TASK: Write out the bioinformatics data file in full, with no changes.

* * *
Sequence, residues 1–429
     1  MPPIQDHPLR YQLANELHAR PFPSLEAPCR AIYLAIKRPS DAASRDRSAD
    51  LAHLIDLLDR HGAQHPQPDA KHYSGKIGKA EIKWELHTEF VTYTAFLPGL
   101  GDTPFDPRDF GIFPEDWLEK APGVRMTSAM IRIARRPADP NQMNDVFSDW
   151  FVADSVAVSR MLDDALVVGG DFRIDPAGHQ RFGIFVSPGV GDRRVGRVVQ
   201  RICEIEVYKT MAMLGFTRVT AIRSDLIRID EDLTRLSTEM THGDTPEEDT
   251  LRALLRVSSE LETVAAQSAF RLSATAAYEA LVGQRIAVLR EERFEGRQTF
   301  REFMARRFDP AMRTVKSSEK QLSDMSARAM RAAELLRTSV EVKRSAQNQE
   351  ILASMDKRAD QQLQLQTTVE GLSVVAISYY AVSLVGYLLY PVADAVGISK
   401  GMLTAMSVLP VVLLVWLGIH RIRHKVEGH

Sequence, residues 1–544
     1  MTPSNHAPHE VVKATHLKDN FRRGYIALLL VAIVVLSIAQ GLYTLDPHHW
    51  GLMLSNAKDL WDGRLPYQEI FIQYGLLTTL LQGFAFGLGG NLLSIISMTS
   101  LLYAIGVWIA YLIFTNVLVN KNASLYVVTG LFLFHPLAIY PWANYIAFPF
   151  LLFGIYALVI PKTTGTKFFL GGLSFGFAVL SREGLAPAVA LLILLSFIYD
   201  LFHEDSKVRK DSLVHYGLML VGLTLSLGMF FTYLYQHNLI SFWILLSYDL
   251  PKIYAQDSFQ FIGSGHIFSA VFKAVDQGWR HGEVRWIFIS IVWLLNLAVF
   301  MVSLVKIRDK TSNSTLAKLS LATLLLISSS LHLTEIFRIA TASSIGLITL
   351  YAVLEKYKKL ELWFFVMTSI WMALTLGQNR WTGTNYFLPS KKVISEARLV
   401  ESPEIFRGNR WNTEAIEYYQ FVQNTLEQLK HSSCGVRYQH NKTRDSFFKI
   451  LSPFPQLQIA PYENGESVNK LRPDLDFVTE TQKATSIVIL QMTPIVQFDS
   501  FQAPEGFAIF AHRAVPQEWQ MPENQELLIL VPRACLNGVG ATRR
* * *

Sequence, residues 1–429
     1  MPPIQDHPLR YQLANELHAR PFPSLEAPCR AIYLAIKRPS DAASRDRSAD
    51  LAHLIDLLDR HGAQHPQPDA KHYSGKIGKA EIKWELHTEF VTYTAFLPGL
   101  GDTPFDPRDF GIFPEDWLEK APGVRMTSAM IRIARRPADP NQMNDVFSDW
   151  FVADSVAVSR MLDDALVVGG DFRIDPAGHQ RFGIFVSPGV GDRRVGRVVQ
   201  RICEIEVYKT MAMLGFTRVT AIRSDLIRID EDLTRLSTEM THGDTPEEDT
   251  LRALLRVSSE LETVAAQSAF RLSATAAYEA LVGQRIAVLR EERFEGRQTF
   301  REFMARRFDP AMRTVKSSEK QLSDMSARAM RAAELLRTSV EVKRSAQNQE
   351  ILASMDKRAD QQLQLQTTVE GLSVVAISYY AVSLVGYLLY PVADAVGISK
   401  GMLTAMSVLP VVLLVWLGIH RIRHKVEGH

Sequence, residues 1–544
     1  MTPSNHAPHE VVKATHLKDN FRRGYIALLL VAIVVLSIAQ GLYTLDPHHW
    51  GLMLSNAKDL WDGRLPYQEI FIQYGLLTTL LQGFAFGLGG NLLSIISMTS
   101  LLYAIGVWIA YLIFTNVLVN KNASLYVVTG LFLFHPLAIY PWANYIAFPF
   151  LLFGIYALVI PKTTGTKFFL GGLSFGFAVL SREGLAPAVA LLILLSFIYD
   201  LFHEDSKVRK DSLVHYGLML VGLTLSLGMF FTYLYQHNLI SFWILLSYDL
   251  PKIYAQDSFQ FIGSGHIFSA VFKAVDQGWR HGEVRWIFIS IVWLLNLAVF
   301  MVSLVKIRDK TSNSTLAKLS LATLLLISSS LHLTEIFRIA TASSIGLITL
   351  YAVLEKYKKL ELWFFVMTSI WMALTLGQNR WTGTNYFLPS KKVISEARLV
   401  ESPEIFRGNR WNTEAIEYYQ FVQNTLEQLK HSSCGVRYQH NKTRDSFFKI
   451  LSPFPQLQIA PYENGESVNK LRPDLDFVTE TQKATSIVIL QMTPIVQFDS
   501  FQAPEGFAIF AHRAVPQEWQ MPENQELLIL VPRACLNGVG ATRR